Annals of Discrete Mathematics 8 (1980) 123126 @ NorthHolland Publishing Company
ON GRAPHICMINIMAL SPACES FranGois JAEGER Labomtoire I.M.A.G., B.P. 53 X , 38041 Grenoble Cedex, France
1. Introduction 1.1. Spaces Let E be a finite nonempty set; 9 ( E ) (the set of all subsets of E ) is considered as a vector space over GF(2) (the addition is the symmetric difference of sets); if 5$ c B(E)we shall denote by (%) the subspace of 9 ( E ) generated by the elements of 8 ;if 9 is a subspace of P ( E ) , the subspace of B(E) orthogonal to 9 is: 9l= {A E 9 ( E ) 1 V F E 9, \A n F (= 0 (mod 2)); the support of 9 is the subset ~ ( =9U) FFES of E. A space is any pair ( E , 9 ) where E is a finite nonempty set and 9 is a subspace of B(E) with a ( 9 ) = E ; two spaces ( E, 9)and (E‘,9’) are called isomorphic if there exists a bijection rp :E + E’ such that {cp(F)1 F ES}= 9;in this case we shall write (E, 9) = (E’,9’). Clearly = is an equivalence relation.
1.2. Spaces and graphs A graph G is a pair ( V ( G ) , E ( G ) )where V ( G ) is a finite nonempty set of vertices, E ( G ) is a finite nonempty set of edges, and to each edge corresponds an unordered pair of vertices called its ends. For every S E V ( G )let w G ( S ) be the set of edges of G with exactly one end in S; let X ( G )= (0 E E ( G ) 1 3s E V ( G ): 0 = o G ( S ) } ; X ( G ) is a subspace of 9 ( E ( G ) )and u ( X ( G ) )is the set of edges of G which are not loops (a loop is an edge with two identical ends); ( u ( X ( G ) ) X , ( G ) )is the cocycle space of G and will be denoted for short by X ( G ) . Let % ( G = ) [ X ( G ) ] l ;a ( % ( G )is ) the set of edges of G which are not bridges ( e E E ( G ) is a bridge if { e } E X ( G ) ) ;( a ( % ( G ) )% , ( G ) )is the cycle space of G and will be denoted for short by % ( G ) . Other definitions on graphs will be found in [l]. A space will be said to be cographic (respectively: graphic) if it is isomorphic to the cocycle space (respectively: cycle space) of some graph. A space will be said to be planar if it is both graphic and cographic. 123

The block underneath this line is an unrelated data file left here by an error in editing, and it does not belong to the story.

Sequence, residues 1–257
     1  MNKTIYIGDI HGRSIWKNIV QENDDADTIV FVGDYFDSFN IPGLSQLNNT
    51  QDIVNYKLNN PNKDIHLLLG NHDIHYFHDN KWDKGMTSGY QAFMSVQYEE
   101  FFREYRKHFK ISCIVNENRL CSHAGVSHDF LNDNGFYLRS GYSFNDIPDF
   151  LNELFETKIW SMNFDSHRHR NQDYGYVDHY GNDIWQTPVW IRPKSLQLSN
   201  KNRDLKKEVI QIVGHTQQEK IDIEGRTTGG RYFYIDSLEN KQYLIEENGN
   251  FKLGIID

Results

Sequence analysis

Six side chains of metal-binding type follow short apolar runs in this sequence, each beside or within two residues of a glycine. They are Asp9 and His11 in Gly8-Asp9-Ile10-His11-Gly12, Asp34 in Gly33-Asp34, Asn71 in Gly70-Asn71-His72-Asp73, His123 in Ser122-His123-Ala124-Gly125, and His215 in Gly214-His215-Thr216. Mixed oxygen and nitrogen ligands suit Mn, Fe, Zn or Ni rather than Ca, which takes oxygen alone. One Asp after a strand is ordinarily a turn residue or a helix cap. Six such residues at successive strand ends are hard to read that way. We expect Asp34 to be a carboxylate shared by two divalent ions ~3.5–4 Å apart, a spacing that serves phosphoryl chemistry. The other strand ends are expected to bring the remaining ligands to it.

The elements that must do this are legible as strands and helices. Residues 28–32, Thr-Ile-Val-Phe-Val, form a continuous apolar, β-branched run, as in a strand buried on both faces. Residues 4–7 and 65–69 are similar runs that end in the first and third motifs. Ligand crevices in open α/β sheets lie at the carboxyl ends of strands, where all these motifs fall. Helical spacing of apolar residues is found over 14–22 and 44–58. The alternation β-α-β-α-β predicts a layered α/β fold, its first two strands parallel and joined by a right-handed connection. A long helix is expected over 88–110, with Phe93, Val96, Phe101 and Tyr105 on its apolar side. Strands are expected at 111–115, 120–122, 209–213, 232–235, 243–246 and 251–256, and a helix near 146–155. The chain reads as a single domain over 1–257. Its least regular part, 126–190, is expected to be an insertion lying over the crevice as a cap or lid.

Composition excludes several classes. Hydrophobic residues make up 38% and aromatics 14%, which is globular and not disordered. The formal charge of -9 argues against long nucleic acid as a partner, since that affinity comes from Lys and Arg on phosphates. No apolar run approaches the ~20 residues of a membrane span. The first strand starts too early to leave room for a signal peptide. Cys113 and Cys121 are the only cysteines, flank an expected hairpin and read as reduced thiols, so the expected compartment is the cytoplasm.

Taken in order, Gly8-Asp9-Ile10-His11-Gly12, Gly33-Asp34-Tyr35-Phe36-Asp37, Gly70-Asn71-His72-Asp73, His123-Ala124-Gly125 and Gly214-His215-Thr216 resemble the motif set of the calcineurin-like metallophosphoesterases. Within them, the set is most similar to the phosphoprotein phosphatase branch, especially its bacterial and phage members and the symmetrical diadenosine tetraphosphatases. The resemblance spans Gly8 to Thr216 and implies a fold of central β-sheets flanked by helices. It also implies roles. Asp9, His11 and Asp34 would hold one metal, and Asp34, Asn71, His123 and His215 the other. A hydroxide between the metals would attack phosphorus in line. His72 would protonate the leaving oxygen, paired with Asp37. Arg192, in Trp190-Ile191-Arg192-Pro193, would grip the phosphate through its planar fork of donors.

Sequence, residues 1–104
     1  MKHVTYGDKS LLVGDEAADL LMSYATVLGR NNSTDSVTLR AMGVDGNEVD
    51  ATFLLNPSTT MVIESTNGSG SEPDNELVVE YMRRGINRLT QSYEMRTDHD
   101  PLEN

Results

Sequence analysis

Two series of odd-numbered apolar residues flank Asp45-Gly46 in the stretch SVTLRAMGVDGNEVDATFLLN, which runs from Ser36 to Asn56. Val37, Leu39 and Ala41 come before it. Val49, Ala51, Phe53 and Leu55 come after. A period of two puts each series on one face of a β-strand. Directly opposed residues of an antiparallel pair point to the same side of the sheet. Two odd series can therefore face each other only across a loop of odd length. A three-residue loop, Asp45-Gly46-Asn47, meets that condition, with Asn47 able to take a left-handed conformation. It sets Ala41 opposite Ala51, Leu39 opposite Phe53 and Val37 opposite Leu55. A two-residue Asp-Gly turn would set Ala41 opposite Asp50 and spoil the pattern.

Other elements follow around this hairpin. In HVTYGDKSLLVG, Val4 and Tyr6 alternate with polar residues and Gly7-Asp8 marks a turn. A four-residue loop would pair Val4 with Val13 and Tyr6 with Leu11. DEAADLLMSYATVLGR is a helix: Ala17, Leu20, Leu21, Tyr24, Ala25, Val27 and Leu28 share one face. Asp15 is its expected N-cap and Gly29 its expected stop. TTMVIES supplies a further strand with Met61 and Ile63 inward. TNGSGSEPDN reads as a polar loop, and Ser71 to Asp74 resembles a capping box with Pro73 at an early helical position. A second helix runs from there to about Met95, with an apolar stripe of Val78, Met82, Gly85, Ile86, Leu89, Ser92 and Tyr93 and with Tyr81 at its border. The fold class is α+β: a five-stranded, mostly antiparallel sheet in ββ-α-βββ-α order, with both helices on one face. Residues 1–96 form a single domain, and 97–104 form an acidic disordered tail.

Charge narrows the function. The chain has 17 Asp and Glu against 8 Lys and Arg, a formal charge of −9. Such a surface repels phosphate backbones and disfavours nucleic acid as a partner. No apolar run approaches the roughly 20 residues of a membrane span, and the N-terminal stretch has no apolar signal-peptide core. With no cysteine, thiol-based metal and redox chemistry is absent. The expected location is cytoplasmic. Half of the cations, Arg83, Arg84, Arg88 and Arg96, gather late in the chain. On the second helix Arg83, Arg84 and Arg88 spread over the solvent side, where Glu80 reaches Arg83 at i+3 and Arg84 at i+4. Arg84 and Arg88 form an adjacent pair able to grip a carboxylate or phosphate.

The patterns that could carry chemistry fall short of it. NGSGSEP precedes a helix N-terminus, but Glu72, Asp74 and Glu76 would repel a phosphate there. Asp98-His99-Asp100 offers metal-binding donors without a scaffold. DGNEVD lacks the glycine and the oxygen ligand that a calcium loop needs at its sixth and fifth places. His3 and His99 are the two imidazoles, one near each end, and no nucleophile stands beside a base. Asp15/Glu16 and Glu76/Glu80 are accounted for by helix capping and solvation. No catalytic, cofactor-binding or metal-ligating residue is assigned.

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1.3. Seriesextension and seriesreduction Let ( E , 9)be a space; we shall say that the space (E’,9’)is a seriesextension of ( E , 9 ) if there exists a mapping cp from E’ onto E such that 9’= {F’c E’1 ~ F 9Ewith F’ = CesFcp’(e)}; equivalently we shall say that (E, 9‘is)a seriesreduction of (E‘,9‘). 1.4. A preorder relation for spaces Let (E, 9)be a space; a covering subspace of (E, 9)is any space of the form (E, 9’)where 9’ is a subspace of 9 (note that we must have ~(9’) = o(9)= E ) . Let (E, 9) and (E’,sl) be two spaces. We shall write: (E, 9) <(E’, 9’)iff (E,9)is a seriesreduction of some covering subspace of (E’,F). It is clear that < is a preorder relation; the associated equivalence relation is ; if (E, 9) s ( E ’ ,9’)and (E, 9)# (E’,9) we shall write (E, 9)< (E’,9’). Let % be a class of spaces; a space (E, 9) will be said to be %minimal if it belongs to % and no space ( E’ ,9’)with (E’,9’)< (E, $) belongs to %. For every space ( E , 9 ) in % there exists a %minimal space (E’,9’) with (E’,9’) (E, 9). A space will be said to be minimal (respectively: cographicminimal, graphicminimal, planarminimal) if it is %minimal, where % is the class of all spaces (respectively: of cographic, graphic, planar spaces). 2